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The Bible begins with two uncontested presuppositions: First, God exists, and, second, He is the Creator of “the heavens and the earth” (Gen. 1:1). A third presupposition logically follows from the first two: “The earth is the LORD’s and all it contains” (Ps. 24:1; see 1 Cor. 10:26). Not only the land, but the stuff of creation also belongs to God: “For every beast of the forest is Mine, the cattle on a thousand hills” (Ps. 50:10).
Private (personal) property rights are based on the fact that God is the prior owner who delegates ownership to His creation. The creator/ownership paradigm is the model for how we establish the principle of private property and the laws that go with it. If I own a piece of property and decide to sell it or give it away, the transaction has legitimacy because I had legal title to the property, and I voluntarily decided to part with it. In the same way, God’s original ownership makes subsequent ownership possible and meaningful. Without the reality of prior ownership, the idea of private property is little more than a social construct. If we subscribe to the evolutionary model, then how is private property a defensible right?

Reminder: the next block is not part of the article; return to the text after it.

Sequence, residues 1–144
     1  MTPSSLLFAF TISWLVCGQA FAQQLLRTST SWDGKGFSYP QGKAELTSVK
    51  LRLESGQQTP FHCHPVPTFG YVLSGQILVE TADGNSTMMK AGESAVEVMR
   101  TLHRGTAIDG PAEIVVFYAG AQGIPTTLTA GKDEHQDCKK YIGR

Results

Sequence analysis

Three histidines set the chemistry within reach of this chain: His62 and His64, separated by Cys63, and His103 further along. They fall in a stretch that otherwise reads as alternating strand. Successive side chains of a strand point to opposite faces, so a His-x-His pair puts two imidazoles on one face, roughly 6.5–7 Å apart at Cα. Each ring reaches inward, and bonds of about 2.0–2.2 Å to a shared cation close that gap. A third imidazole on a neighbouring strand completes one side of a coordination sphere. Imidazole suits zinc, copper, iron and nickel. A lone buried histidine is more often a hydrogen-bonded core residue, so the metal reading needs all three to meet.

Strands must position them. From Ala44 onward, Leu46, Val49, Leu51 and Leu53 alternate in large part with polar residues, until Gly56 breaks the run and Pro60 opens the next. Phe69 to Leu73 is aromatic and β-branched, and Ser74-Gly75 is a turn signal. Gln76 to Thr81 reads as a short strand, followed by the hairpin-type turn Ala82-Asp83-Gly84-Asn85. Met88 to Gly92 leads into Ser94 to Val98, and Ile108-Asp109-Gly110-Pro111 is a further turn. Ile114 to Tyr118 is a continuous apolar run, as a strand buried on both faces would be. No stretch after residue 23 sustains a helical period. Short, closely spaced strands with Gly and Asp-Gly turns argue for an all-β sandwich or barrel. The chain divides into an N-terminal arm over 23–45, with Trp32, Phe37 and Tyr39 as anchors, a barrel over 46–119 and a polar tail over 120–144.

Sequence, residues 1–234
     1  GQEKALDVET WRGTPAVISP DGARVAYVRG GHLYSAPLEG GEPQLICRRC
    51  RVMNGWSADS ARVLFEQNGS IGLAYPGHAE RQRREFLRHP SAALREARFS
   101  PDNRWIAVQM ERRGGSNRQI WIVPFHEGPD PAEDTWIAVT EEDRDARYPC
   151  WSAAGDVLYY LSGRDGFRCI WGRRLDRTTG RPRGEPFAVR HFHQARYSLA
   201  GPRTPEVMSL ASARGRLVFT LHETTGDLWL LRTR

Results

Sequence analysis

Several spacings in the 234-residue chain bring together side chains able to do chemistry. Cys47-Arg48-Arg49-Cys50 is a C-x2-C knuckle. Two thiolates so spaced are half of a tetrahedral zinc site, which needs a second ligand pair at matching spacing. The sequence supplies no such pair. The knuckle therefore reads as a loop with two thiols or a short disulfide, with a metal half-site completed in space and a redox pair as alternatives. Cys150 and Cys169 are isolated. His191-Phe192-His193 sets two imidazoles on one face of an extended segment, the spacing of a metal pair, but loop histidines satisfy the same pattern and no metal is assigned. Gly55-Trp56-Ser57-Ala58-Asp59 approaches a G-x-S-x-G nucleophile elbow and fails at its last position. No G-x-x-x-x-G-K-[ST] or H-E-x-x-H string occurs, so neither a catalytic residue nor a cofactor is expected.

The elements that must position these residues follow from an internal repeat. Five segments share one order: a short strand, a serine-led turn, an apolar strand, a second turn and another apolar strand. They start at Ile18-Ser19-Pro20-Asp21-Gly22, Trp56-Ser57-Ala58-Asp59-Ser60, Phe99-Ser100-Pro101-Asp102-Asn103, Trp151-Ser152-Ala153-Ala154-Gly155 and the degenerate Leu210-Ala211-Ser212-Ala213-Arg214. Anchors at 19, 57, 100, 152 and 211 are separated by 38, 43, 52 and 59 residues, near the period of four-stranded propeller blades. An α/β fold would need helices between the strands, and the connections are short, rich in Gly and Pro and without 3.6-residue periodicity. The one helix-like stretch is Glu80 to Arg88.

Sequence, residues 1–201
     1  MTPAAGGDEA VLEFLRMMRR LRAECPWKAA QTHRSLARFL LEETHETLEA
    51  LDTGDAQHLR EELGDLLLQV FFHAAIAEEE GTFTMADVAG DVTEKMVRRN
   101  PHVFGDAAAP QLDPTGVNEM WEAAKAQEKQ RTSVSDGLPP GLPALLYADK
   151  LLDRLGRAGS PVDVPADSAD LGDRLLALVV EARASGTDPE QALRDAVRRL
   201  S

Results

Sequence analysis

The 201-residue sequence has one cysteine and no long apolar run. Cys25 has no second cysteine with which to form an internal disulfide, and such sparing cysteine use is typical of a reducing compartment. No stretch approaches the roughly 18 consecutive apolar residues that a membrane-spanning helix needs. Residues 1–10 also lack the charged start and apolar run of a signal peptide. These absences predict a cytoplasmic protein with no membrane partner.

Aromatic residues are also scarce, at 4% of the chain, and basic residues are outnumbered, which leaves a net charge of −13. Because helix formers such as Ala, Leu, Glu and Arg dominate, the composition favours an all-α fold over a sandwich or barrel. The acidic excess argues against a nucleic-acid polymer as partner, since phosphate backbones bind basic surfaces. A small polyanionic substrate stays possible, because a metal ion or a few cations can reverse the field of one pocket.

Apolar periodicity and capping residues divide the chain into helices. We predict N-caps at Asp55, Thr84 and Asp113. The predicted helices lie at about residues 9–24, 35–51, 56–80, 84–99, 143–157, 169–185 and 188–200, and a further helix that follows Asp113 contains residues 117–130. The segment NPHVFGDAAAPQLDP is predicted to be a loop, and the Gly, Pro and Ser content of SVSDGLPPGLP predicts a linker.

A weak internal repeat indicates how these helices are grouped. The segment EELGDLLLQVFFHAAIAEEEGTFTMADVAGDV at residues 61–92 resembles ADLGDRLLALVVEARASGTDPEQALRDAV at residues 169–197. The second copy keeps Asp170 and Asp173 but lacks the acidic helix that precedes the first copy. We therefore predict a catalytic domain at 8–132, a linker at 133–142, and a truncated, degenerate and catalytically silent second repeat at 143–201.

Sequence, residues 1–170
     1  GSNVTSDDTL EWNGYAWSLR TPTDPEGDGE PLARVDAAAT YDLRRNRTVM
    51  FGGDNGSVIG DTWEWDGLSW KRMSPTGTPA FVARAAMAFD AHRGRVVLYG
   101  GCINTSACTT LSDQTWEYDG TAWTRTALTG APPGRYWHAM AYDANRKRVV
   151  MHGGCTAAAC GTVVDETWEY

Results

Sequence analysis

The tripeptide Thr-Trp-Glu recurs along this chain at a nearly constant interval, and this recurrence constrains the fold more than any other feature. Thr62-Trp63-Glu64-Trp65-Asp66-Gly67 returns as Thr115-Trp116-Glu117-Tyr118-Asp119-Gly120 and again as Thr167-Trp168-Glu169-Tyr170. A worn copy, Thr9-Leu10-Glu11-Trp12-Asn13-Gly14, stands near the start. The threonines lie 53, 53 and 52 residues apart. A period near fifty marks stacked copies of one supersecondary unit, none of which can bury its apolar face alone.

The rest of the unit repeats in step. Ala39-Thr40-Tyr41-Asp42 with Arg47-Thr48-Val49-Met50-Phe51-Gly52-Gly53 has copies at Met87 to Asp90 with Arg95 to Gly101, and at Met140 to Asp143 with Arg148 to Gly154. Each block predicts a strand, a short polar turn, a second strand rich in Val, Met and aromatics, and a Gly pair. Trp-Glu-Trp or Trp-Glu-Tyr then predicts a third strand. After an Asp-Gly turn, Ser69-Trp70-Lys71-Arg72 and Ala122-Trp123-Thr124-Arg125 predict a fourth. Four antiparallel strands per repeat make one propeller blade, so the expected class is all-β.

Unlike so many esoteric religions, the biblical worldview embraces the material world without either deifying it or secularizing it by separating it from religious considerations. Genesis 1:31 gives us God’s own evaluation of His creation: “And God saw all that He had made, and behold it was very good.” Even the fall did not erase this evaluation. Paul, in the NT, declares: “For everything created by God is good, and nothing is to be rejected, if it is received with gratitude; for it is sanctified by means of the word of God and prayer” (1 Tim. 4:4–5). The Bible rejects the false spirituality of the Gnostics who relegate material things to a low plane of being. “Paul was referring in Colossians to the terms used by Gnostic teachers: ‘Touch not!’ ‘Taste not!’ ‘Handle not!’ (Colossians 2:21, 23).” The Bible is a very material book, and matter matters to God, including economic matters. We know this by the way the Bible presents economic issues within a specific creational and moral framework. Here some examples; there are many more: